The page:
Another abortion restriction has begun its journey through the Kentucky legislature. A state House panel approved a bill Wednesday that would make it a felony for a doctor to perform an abortion if they feel that the patient is ending the pregnancy because of the fetus’ sex, race or disability.
Rep. Melinda Gibbons Prunty, a Republican from Greenville and sponsor of the bill, argued that the measure addresses a human rights issue.
“Demanding the right to extinguish or eliminate the life of an unborn child because of their gender, race or possible physical or mental disability is reminiscent of the evil social philosophy of eugenics,” Gibbons Prunty said.
The measure would combine several controversial abortion restrictions that have passed out of other legislatures into one proposal.
Legislatures in North Dakota, Ohio, Indiana and Louisiana have all passed bills that would make it a crime for doctors to perform abortions if they determine the patient is seeking the procedure because the fetus has Down syndrome.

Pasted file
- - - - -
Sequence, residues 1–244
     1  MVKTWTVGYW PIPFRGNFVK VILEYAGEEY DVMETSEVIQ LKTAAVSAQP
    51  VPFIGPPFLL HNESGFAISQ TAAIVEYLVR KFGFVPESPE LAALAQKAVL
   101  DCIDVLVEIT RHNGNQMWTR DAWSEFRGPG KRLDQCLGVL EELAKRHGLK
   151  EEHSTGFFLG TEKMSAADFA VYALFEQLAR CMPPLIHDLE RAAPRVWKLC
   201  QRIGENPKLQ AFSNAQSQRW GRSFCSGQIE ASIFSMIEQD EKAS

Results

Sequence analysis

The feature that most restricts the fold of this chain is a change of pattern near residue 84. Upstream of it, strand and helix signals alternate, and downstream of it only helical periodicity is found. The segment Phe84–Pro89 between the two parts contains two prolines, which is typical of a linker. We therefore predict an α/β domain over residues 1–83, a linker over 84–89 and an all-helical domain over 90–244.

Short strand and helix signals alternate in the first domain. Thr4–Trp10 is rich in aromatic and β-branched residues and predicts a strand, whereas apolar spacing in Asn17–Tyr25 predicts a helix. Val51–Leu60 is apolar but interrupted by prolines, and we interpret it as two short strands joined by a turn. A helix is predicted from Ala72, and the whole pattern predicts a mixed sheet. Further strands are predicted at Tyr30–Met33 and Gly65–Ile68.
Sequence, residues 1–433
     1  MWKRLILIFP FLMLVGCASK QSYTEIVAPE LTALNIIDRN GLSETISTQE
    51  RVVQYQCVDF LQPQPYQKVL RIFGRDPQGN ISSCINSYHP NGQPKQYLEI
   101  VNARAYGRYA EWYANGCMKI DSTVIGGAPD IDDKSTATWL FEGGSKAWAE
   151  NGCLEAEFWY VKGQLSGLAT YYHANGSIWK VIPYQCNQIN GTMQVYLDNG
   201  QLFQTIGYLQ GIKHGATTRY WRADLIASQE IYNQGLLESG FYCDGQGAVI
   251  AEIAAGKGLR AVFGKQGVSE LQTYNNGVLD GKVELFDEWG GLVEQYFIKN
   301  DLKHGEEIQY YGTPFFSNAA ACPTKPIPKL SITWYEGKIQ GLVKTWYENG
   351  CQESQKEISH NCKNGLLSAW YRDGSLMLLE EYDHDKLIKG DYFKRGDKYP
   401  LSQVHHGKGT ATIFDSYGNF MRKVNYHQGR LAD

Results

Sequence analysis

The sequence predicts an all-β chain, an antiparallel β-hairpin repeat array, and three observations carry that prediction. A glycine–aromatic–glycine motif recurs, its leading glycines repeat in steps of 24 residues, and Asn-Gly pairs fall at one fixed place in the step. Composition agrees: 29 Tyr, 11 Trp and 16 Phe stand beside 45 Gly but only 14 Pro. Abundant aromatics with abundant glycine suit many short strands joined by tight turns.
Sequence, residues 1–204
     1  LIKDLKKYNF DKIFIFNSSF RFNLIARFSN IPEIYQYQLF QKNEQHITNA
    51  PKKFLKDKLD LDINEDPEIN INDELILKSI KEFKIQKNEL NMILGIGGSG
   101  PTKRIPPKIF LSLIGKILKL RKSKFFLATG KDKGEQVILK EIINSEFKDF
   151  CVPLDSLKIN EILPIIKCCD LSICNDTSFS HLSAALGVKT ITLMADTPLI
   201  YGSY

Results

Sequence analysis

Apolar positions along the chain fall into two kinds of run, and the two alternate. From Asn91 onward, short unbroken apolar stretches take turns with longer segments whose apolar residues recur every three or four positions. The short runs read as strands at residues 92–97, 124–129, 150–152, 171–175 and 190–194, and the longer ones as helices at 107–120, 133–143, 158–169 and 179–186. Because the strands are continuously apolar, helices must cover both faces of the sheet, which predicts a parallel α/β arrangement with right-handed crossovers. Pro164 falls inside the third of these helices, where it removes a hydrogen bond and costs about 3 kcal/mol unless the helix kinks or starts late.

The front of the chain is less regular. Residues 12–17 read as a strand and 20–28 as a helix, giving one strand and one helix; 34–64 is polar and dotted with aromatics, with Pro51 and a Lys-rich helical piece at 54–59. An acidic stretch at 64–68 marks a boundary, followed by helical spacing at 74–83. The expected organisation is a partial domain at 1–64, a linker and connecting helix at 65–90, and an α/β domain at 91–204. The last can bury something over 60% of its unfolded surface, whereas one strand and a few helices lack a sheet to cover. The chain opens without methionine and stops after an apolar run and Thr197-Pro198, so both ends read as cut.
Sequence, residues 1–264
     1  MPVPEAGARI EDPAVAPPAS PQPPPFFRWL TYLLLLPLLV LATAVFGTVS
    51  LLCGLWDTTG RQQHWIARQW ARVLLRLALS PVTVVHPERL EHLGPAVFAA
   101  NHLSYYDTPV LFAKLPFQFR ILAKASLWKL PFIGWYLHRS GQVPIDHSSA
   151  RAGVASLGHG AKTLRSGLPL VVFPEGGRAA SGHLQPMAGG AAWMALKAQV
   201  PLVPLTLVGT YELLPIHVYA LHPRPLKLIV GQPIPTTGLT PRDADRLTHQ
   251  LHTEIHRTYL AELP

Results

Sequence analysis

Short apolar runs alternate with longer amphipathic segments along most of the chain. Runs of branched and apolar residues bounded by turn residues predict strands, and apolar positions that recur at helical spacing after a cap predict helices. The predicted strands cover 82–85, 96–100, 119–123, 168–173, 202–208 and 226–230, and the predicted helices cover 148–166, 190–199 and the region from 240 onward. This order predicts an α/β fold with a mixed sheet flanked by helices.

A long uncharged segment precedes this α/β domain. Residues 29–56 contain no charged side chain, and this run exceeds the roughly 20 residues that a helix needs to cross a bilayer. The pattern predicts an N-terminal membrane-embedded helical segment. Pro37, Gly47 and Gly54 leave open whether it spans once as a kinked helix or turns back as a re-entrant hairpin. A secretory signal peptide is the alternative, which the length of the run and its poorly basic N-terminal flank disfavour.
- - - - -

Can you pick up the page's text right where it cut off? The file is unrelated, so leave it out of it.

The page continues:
Federal courts have permanently or temporarily struck down the policy in all of those states except North Dakota.
According to the Guttmacher Institute, a nonprofit that monitors abortion legislation, eight states have bans on abortion if doctors determine a patient is seeking the procedure because of sex, race or disability, and one state has a ban based on the race of the fetus.
Critics of the measure say that it is designed to further restrict abortion in the state and that it doesn’t do anything to increase funding for social services.
Dr. Nicole Nolan, an OB-GYN at the University of Louisville, said that the bill would encourage patients to lie to their doctors.
“It does not educate patients and their families about having a child with a disability. It does not increase special education. It does not give funding to organizations that help disabled people or increase public accessibility for people with disability,” Nolan said.
Kentucky lawmakers are considering at least two other anti-abortion measures during this year’s legislative session — a ban on abortions if a fetal heartbeat can be detected and a total ban on the procedure if the U.S. Supreme Court overturns Roe v. Wade, the landmark decision that legalized abortion.